The Instigator
Pro (for)
The Contender
Con (against)

Should Trump Support "Dreamers"

Do you like this debate?NoYes+0
Add this debate to Google Add this debate to Delicious Add this debate to FaceBook Add this debate to Digg  
Debate Round Forfeited
ImDoingThisForClass has forfeited round #2.
Our system has not yet updated this debate. Please check back in a few minutes for more options.
Time Remaining
Voting Style: Open Point System: 7 Point
Started: 3/15/2017 Category: Politics
Updated: 2 years ago Status: Debating Period
Viewed: 588 times Debate No: 100977
Debate Rounds (3)
Comments (0)
Votes (0)




First let me begin by giving a brief run down of who dreamers are and what the dream act is. The DREAM Act (acronym for Development, Relief, and Education for Alien Minors) is an American legislative proposal for a multi-phase process for undocumented immigrants in the United States that would first grant conditional residency and upon meeting further qualifications, permanent residency. According to this act dreamers are "immigrants who are under the age of 31; entered the United States before age 16; have lived continuously in the country for at least five years; have not been convicted of a felony, a "significant" misdemeanor, or three other misdemeanors; and are currently in school, graduated from high school, earned a GED, or served in the military." Based of this information three key reasons arise as to why President Donald Trump should grant these people citizen ship. First most of these people have been brought here against their will as children and have come to know america as their only home. Second attempting to deport all illegals is an act of futility due to the vast number or immigrants and limited resources allocated to the endeavor. Third an most importantly based off these qualifications these people have proven or a proving to functioning members of society.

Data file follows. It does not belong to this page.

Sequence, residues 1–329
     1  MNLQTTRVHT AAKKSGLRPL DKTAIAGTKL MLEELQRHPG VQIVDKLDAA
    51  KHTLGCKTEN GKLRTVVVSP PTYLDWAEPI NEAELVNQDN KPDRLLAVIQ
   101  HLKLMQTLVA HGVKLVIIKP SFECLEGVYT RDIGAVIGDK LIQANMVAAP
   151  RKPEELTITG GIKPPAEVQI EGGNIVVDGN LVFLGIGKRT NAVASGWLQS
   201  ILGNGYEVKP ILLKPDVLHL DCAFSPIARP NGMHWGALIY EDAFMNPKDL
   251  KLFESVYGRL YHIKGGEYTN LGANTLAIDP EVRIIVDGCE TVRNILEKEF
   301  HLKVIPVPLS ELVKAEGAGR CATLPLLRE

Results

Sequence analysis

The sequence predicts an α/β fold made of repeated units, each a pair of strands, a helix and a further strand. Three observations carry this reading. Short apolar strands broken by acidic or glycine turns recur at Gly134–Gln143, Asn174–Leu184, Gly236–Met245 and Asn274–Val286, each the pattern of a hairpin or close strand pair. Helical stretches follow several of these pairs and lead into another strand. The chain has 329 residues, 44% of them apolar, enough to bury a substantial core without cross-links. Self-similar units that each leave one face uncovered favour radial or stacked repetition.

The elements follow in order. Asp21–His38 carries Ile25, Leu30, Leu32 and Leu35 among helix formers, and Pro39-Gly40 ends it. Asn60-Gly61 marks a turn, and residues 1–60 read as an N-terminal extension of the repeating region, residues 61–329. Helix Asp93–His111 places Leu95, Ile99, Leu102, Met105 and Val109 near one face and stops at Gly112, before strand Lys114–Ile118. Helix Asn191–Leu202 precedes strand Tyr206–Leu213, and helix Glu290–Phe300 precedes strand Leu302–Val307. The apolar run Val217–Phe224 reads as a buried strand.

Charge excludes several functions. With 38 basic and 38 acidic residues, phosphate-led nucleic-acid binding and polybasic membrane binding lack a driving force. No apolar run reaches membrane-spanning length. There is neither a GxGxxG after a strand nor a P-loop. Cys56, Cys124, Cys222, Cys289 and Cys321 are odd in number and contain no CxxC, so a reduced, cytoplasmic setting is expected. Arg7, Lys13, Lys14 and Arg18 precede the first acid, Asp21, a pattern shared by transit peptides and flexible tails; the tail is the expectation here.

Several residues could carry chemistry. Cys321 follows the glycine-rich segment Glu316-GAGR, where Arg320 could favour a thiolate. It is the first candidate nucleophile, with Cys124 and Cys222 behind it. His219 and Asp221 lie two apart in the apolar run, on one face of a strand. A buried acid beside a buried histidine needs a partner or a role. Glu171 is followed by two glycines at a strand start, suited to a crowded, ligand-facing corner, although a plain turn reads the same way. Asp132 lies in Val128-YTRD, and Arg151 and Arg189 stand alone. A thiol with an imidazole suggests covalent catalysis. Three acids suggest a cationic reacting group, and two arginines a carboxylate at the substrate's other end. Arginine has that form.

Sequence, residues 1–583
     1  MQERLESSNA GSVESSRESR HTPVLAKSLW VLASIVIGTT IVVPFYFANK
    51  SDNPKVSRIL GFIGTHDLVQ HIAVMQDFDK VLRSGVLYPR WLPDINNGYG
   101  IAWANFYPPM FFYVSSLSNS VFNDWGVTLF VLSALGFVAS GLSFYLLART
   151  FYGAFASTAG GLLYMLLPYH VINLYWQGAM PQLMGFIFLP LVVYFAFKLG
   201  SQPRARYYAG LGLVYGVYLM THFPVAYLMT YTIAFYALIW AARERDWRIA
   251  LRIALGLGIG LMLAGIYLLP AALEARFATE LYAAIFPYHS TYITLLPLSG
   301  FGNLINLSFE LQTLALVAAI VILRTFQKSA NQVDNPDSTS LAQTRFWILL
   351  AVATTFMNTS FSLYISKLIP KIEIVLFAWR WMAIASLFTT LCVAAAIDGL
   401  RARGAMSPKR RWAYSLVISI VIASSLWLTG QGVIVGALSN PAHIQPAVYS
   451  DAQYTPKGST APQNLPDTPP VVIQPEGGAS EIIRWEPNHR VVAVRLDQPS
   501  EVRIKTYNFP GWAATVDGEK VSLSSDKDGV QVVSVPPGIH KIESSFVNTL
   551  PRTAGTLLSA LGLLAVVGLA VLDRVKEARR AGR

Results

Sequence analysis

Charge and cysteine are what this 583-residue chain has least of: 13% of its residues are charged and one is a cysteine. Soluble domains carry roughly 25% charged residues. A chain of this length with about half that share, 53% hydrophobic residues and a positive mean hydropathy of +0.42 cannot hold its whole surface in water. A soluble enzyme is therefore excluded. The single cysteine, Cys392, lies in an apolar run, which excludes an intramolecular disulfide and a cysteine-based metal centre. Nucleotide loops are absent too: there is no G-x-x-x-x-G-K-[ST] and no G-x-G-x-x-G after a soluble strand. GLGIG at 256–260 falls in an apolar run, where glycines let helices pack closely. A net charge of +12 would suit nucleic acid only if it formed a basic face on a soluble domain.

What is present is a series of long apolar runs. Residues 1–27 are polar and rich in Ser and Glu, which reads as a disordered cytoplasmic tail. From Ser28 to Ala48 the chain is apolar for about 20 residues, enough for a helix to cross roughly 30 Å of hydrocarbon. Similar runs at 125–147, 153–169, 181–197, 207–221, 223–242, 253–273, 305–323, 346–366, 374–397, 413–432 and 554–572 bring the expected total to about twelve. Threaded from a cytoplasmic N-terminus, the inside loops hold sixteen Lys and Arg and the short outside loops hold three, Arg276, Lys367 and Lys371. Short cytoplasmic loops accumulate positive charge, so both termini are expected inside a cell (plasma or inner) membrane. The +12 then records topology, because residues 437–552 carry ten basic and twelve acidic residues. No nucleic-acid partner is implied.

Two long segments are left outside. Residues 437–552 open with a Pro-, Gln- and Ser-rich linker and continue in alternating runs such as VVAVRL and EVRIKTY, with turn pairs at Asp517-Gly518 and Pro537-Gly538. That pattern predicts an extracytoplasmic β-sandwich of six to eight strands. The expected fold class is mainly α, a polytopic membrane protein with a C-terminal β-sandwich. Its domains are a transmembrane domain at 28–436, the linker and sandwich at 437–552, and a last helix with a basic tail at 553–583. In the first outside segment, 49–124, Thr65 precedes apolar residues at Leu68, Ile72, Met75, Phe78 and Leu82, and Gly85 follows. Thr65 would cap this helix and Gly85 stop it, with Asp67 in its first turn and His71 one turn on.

Elaborating on my first point more thoroughly most of these people are as american as you and I. They have spent their entire lives here brought here by their parents in hopes of a better life. Punishing the child for the actions of their parents isn't the least bit just, especially one who fits the qualifications of the dream act. Elaborating on my second point attempting to remove all illegal imigrants is a futile effort and the time and money used to fund this would be better spent on devising ways for individuals to enter the U.S. legally. According to "In 2011, the number of illegal immigrants in the U.S. was an estimated 11.5 million." where as "The number of illegal immigrants removed from the U.S. by U.S. Immigration and Customs Enforcement in 2011 was 396,906." The percentage of the illegal immigrant population was 63 percent (about 6.8 million people) before 2000. This just means our current course of action is having no effect. Again my opinion is to devise ways to facilitate immigration rather than stop it ways such as the dream act. Finally and probably the moral back bone of this argument is that those who are qualified for this act are upstanding citizens. All the immigrants that qualify are either students graduates or military, with no significant misdemeanors and definitely no felony's. A misdemeanor is a lesser crime punishable by a fine and/or county jail time for up to one year. Being that they cant have had a "significant" misdemeanor I take it they couldn't have had anything above a class C or 3 infraction. According to "In Texas, examples of Class C Misdemeanors include Theft Under $50 (Theft Under $100 as of September 1, 2015), disorderly conduct, public intoxication, driving without a valid license, etc. The maximum penalty imposed for Class C Misdemeanors in Texas is a fine of not more than $500, and there is no jail time imposed." Id hardly consider any person who committed a Class C misdemeanor a criminal and this being that absolute maximum for illegal immigrants is a testament to the quality of people the U.S. will accept.